Even though in the late 90s this was a new car, it preserves the lines of older British autos like the MGB,
Triumph TR6, and Jaguar E-Type. The designers seem to have created the Griffith with these earlier cars in mind. Fair enough.
The 4.0 is a small car, and it's more nimble than a lot of other A-class vehicles in GT1. It is also very
light (2,336 lbs.) so when you race it, you can use these traits to your advantage IF you can control the darn thing. So this
is the thing: um, actually..this car is VERY difficult to control. Remember this! Its small size is an advantage
in slower races, but the Griffith loses serious stability thru tighter corners and over curbs, making any advantage of size
or weight worthless at times.
The Cerbera does better than the Griffith--which will spin out without apology, warning, or grace! Why do
you think this car is featured in the Route 11 phase of the GT1 IA test....possibly THE most difficult challenge of all the
license tests? It's cuz this car sucks at holding the road!
And it's ironic because British roadsters are supposedly made to ‘hold the road’ where others
fail, at least that's the stereotype. Really, it's not the Griffith's fault...cars of this size usually don't have 330+
horsepower engines blasting them around.
But we have a nice array of colors to choose from at the dealer. The Griffith 4.0 is only featured
in GT1...in GT2 and later games they dropped it for the more potent 500 and Blackpool versions. The 4.0 is a fun car (despite
the above words), full of spirit, but it needs to seriously be tamed.
----------------ENGINE / DRIVETRAIN-----------------
British sports cars are famous for breaking down and spending lots of time at the repair shop. The saying
goes: “It runs great when it's actually running”. ;) Luckily, we dont have to worry about our model EVER breaking
This car (like other TVRs) comes standard with an awesome, high-output V8 engine built by Rover. Like the
Cerbera, the GT1 engine sample sounds more like a 6 cylinder than a V8. This may be the way this car actually sounds, but
I have a feeling that the soundbyte engineers over at Gran Turismo goofed, somehow. The engine comes loaded with a lot of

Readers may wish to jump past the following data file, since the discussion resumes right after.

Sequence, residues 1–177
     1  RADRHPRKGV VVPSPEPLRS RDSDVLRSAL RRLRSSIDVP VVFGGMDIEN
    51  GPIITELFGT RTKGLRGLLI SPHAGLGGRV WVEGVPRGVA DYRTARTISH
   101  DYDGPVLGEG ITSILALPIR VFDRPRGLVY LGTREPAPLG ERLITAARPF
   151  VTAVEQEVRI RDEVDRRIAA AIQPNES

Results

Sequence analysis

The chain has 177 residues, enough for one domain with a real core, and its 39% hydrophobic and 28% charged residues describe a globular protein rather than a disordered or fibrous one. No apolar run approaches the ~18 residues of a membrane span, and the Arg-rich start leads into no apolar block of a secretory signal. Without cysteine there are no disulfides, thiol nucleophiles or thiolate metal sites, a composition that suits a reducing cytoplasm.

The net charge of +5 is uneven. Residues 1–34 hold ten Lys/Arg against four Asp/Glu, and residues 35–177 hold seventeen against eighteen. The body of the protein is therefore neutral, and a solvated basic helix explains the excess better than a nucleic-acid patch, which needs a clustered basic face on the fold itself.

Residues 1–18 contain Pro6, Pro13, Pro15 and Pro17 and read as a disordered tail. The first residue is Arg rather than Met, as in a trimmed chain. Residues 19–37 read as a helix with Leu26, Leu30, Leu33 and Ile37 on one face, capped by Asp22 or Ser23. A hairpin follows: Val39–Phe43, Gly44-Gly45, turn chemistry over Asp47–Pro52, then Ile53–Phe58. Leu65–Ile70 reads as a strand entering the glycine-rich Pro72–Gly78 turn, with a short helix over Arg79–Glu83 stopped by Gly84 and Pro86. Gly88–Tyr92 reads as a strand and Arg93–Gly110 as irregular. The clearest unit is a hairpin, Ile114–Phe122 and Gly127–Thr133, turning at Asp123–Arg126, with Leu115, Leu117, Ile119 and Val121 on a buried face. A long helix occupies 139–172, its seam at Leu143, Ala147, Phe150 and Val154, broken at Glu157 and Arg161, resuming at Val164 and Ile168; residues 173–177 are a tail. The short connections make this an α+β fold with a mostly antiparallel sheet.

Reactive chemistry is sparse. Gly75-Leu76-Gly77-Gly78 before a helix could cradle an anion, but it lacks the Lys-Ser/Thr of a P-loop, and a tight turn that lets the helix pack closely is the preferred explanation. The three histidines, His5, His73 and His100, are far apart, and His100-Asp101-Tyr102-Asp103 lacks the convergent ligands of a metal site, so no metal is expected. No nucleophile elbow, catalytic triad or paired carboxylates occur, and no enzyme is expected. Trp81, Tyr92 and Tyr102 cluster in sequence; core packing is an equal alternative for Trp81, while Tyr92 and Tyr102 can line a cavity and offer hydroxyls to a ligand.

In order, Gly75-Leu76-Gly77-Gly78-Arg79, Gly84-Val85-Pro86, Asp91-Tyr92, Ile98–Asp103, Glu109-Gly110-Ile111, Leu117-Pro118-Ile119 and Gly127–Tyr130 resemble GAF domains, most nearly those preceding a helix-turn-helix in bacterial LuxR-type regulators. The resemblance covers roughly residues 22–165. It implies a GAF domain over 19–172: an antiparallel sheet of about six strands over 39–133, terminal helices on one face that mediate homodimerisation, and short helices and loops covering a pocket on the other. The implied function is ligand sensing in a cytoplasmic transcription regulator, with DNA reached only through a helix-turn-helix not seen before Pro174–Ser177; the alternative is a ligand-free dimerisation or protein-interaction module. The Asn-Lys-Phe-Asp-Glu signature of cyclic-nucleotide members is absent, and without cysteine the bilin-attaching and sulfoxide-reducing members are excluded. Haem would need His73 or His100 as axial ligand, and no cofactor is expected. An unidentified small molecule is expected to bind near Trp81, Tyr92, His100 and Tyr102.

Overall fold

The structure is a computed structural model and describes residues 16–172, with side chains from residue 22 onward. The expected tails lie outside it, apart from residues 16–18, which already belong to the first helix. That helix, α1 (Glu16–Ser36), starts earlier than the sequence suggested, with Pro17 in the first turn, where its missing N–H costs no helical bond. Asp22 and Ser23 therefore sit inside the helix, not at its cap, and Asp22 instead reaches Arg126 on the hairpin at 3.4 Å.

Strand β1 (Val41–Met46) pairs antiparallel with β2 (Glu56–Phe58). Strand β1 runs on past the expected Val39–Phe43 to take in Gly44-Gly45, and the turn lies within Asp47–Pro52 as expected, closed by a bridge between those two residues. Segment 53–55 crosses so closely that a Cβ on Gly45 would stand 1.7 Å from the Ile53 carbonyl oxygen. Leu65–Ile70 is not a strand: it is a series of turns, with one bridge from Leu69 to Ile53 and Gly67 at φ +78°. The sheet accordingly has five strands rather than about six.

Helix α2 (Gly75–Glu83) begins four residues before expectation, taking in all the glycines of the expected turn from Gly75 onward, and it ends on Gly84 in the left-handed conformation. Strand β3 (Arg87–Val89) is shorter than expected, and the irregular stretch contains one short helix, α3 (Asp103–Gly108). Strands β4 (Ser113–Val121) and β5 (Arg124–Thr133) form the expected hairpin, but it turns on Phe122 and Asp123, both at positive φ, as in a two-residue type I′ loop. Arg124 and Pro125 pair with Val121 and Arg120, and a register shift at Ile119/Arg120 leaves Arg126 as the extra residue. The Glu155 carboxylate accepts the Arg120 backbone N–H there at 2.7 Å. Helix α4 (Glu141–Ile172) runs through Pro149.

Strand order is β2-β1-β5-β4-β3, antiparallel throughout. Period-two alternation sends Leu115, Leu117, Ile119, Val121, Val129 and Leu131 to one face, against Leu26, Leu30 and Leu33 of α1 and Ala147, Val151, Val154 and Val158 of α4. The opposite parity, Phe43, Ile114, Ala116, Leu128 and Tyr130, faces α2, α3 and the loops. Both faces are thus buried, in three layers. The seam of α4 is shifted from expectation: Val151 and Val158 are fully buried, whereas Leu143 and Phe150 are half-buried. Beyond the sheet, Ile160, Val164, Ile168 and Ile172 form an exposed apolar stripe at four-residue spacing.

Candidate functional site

power and torque; in fact, the power band looks like a mountain peak when you see the engine graph, and I find that this engine
loses speed near and past the redline. So even though it doesn't sound like a V8, it sure behaves like one.
The gearing is evenly spaced...not too tall or too short, which is a trademark of real sports cars. You
can buy the racing box if you like, but it's not necessary. It might be a good idea to run your Griffith without the carbon
driveshaft at times--this will cut your acceleration a tenth of a second, but it will place more weight towards the rear of
the car, increasing traction. All other racing parts (except tires) will be optional buys for you unless you're hitting the
most challenging of challenges.
---------------CHASSIS / HANDLING-------------
No matter how much you try and arrange these settings, you'll have to deal with this car's love of spinning
spinning spinning. The car's stock tires aren't sticky at all, making the Griffith 4.0 difficult to maneuver in
the Normal Series, though in the right hands it can win.
As you buy better tires, you'll experience the typical problems with too much front-end grip and the oversteer
that follows, but mostly you'll (at some point) get totally frustrated with this car, and maybe your TV as well.
And then you might just turn your Playstation off and sit there, sending mental Satanic death curses to Jay Leno as he interviews
yet another celebrity whose life is so fascinating...he never needs videogames to enrich it.
You'll really have to pay attention to the Griffith's back-end when exiting corners. It is crucial to learn
NOT to apply too much gas too early, and choose the right gear wisely. Once you get the hang of it, you'll find that the Griffith
is classicly fun to drive, the way all sports cars should be.